As president-elect Jair Bolsonaro settles into the Planalto Palace in Brasilia, attention will inevitably begin turning to the 2019 presidential and general elections in Argentina, South America's second-biggest country and a key Brazil ally.
On Sunday, Argentine president Mauricio Macri congratulated Bolsonaro via Twitter, saying: "Congratulations to Jair Bolsonaro for the triumph in Brazil! I hope to work together for the good of the relationship of our countries and the well-being of Argentines and Brazilians."
Observers have little doubt that Macri will seek re-election in 2019. However, it remains to be seen who will compete against the centre-right head of state, whose administration is reported to have major concerns about a Bolsonaro presidency.
ARGENTINA: NOT A PRIORITY
Brazil's incoming Finance Minister Paulo Guedes dealt Buenos Aires a blow on Sunday, telling reporters: "Argentina is not a priority, neither is the Mercosur".
"The Mercosur is very restrictive", Guedes said. "Brazil is a prisoner of ideological alliances and this is bad for the economy." He said the Bolsonaro government would "prioritise international trade", while looking to immediately overhaul the country's pension model and "accelerating privatisations".
"It's not reasonable that Brazil spends US$ 100 billion in interest", Guedes said.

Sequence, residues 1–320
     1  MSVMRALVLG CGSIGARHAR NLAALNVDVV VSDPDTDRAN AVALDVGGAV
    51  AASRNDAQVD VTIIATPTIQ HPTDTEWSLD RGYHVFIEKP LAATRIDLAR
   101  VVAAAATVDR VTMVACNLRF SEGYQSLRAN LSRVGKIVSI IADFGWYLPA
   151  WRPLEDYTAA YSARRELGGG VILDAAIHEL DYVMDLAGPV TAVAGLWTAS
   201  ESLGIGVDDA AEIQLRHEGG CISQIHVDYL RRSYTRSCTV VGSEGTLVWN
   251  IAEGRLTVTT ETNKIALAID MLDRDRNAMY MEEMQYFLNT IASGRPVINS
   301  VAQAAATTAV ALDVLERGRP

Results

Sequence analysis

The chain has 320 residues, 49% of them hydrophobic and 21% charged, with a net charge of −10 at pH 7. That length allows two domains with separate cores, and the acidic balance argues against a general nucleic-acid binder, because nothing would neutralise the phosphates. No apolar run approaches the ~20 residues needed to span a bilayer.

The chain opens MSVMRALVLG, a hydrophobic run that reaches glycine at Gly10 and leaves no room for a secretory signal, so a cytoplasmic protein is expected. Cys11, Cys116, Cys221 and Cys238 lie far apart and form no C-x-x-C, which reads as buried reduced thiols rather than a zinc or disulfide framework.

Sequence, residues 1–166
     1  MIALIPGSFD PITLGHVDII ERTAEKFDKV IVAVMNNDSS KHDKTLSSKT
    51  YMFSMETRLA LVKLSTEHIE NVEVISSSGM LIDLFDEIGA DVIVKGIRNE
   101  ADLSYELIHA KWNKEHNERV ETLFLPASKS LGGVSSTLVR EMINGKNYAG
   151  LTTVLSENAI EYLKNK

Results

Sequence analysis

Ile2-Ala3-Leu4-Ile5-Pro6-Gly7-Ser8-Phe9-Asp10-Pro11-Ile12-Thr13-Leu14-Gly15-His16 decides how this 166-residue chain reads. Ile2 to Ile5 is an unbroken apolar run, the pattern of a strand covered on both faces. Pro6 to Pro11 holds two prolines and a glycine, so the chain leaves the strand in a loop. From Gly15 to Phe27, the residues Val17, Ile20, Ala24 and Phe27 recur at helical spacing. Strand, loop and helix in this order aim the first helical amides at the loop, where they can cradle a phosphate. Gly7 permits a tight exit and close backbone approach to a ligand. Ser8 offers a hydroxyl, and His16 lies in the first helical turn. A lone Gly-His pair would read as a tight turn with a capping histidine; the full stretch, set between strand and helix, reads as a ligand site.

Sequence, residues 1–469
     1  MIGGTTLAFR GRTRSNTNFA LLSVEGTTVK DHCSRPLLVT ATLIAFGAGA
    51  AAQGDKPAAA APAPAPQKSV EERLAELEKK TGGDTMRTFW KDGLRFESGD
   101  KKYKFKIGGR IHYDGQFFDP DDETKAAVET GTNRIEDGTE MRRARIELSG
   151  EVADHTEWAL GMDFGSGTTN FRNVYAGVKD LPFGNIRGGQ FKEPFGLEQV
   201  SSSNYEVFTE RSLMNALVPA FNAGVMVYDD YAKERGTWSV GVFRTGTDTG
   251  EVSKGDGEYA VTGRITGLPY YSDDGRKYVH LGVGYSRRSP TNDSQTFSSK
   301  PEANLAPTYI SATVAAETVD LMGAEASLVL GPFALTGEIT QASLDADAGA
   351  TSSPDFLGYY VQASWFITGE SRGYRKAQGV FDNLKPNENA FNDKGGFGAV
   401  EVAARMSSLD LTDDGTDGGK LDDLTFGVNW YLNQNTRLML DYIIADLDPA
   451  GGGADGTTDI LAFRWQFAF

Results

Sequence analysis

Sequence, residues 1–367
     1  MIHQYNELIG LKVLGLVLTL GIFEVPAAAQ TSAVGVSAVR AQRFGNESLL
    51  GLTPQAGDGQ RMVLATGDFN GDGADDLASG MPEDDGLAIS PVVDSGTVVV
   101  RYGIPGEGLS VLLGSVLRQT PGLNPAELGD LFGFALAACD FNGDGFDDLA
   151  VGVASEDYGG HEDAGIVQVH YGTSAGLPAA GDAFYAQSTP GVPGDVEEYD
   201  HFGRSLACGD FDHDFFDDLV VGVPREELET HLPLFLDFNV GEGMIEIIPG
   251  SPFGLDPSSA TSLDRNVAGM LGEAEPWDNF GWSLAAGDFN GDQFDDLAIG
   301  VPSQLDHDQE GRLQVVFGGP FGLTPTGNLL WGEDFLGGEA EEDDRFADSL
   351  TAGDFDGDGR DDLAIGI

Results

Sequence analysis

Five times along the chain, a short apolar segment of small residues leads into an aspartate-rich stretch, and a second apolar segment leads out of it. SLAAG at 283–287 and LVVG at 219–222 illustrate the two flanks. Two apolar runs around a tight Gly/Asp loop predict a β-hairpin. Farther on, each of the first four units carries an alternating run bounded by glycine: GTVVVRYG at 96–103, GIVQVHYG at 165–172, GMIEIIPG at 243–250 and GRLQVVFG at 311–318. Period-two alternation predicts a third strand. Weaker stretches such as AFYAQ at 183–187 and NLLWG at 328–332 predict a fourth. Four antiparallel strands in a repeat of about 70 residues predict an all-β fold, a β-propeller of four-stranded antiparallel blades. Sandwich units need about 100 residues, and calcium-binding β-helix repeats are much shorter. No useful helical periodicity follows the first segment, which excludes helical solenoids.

PRESIDENTIAL HOPEFULS SPEAK OUT
On Sunday, dissident Peronist leader and presidential hopeful Sergio Massa, tweeted: "The sovereign people decided. It is time to strengthen our commercial ties and friendship with our Brazilian brothers. I wish the new government of Brasil success".
However, the man who came third in the 2015 presidential race against Macri and Daniel Scioli also sought to distance himself from Bolsonaro. "The election shows us how nostalgia is not enough to confront the new right wing. The path toward are the new ideas and proposals to construct a progressive alternative that resolves our peoples' problems", he added, in a separate tweet.
For his part, former Buenos Aires province governor and presidential hopeful Felipe Solá wrote: "Hatred is behind Bolsonaro's win. Argentina is not Brazil but violent words drive us to other forms of violence here, there and in all parts of the world".
Solá last week split from Massa's Renewal Front movement to form his own minority coalition in Congress with closer ties to former president Cristina Fernández de Kirchner, who refrained from commenting on Bolsonaro's win. The former head of state was closely allied with jailed Brazilian leader Luiz Inácio "Lula" Da Silva, who is currently in jail on corruption charges.